Quinactine - General Information
An acridine derivative formerly widely used as an antimalarial but superseded by chloroquine in recent years. It has also been used as an anthelmintic and in the treatment of giardiasis and malignant effusions. It is used in cell biological experiments as an inhibitor of phospholipase A2. [PubChem]
Pharmacology of Quinactine
Quinactine has been used as an antimalarial drug and as an antibiotic. It is used to treat giardiasis, a protozoal infection of the intestinal tract, and certain types of lupus erythematosus, an inflammatory disease that affects the joints, tendons, and other connective tissues and organs. Quinactine may be injected into the space surrounding the lungs to prevent reoccurrence of pneumothorax. The exact way in which quinacrine works is unknown. It appears to interfere with the parasite's metabolism.
Quinactine for patients
This medication is best taken after meals with a full glass of water, fruit juice, or tea, unless your doctor instructs otherwise. Tablets may be crushed and mixed with chocolate syrup, honey, or jam for persons who cannot stand the bitter taste or have difficulty swallowing tablets. If you miss a dose, take it as soon as you remember. If it is near the time for the next dose, skip the missed dose and resume your regular dosage schedule. Do not double the next dose. Take it as prescribed for the full treatment period, even if you feel better before the scheduled end of therapy.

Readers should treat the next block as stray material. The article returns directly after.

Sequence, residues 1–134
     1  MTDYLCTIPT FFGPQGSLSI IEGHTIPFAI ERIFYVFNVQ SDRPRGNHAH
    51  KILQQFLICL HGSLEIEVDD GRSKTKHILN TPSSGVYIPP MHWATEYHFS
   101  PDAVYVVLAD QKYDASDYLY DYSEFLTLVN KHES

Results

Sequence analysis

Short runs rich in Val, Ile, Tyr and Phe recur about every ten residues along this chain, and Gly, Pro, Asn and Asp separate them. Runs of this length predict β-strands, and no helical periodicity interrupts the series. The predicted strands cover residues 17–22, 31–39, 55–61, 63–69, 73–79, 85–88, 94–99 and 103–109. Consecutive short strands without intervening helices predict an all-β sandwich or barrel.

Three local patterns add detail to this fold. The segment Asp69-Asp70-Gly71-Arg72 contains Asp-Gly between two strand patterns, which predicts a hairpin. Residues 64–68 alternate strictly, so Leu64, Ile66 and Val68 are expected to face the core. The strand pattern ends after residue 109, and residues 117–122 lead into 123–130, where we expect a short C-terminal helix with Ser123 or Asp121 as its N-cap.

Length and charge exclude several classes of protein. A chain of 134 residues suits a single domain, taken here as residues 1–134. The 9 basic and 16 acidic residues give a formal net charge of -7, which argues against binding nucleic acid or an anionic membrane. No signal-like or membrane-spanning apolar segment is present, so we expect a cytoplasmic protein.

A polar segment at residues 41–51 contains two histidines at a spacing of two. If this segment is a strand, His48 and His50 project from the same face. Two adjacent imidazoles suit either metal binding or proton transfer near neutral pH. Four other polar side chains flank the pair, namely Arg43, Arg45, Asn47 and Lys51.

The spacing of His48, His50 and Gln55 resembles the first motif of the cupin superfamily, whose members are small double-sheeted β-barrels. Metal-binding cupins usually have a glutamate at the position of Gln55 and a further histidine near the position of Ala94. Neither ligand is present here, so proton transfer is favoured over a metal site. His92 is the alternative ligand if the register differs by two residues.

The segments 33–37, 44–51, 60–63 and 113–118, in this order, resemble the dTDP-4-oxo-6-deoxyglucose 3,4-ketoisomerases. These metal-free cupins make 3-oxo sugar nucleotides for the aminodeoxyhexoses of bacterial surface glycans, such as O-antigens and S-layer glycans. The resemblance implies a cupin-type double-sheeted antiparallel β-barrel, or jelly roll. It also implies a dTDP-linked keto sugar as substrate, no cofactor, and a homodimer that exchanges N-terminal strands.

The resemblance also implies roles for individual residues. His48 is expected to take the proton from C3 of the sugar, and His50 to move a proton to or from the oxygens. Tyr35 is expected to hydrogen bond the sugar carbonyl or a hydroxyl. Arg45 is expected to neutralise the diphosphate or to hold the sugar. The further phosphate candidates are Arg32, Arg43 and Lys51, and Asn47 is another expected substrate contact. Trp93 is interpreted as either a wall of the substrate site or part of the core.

Alcohol (this combination may make you very sick) and primaquine
A history of mental illness or alcoholism, porphyria, or psoriasis.
Additional information about Quinactine
Quinactine Indication: For the treatment of giardiasis and cutaneous leishmaniasis and the management of malignant effusions.
Mechanism Of Action: The exact mechanism of antiparasitic action is unknown; however, quinacrine binds to deoxyribonucleic acid (DNA) in vitro by intercalation between adjacent base pairs, inhibiting transcription and translation to ribonucleic acid (RNA). Quinactine does not appear to localize to the nucleus of Giaridia trophozoites, suggesting that DNA binding may not be the primary mechanism of its antimicrobial action. Fluorescence studies using Giardia suggest that the outer membranes may be involved. Quinactine inhibits succinate oxidation and interferes with electron transport. In addition, by binding to nucleoproteins, quinacrine suppress the lupus erythematous cell factor and acts as a strong inhibitor of cholinesterase.
Drug Interactions: Not Available
Food Interactions: Not Available
Generic Name: Quinacrine
Synonyms: Quinacrine Dihydrochloride
Drug Category: Antihelmintics; Antiprotozoals; Antineoplastic Agents; Antinematodal Agents; Antimalarials; Anticestodal Agents; Enzyme Inhibitors
Drug Type: Small Molecule; Approved
Absorption: Absorbed rapidly from the gastrointestinal tract following oral administration.
Toxicity (Overdose): Oral, rat: LD50 = 900 mg/kg; Oral, mouse: LD50 = 1000 mg/kg. Symptoms of overdose include seizures, hypotension, cardiac arrhythmias, and cardiovascular collapse.
Protein Binding: 80-90%
Biotransformation: Not Available
Half Life: 5 to 14 days
Dosage Forms of Quinactine: Not Available
Chemical IUPAC Name: N'-(6-chloro-2-methoxyacridin-9-yl)-N,N-diethylpentane-1,4-diamine
Chemical Formula: C23H30ClN3O
Quinacrine on Wikipedia: https://en.wikipedia.org/wiki/Quinacrine
Organisms Affected: Parasitic protozoa and helminths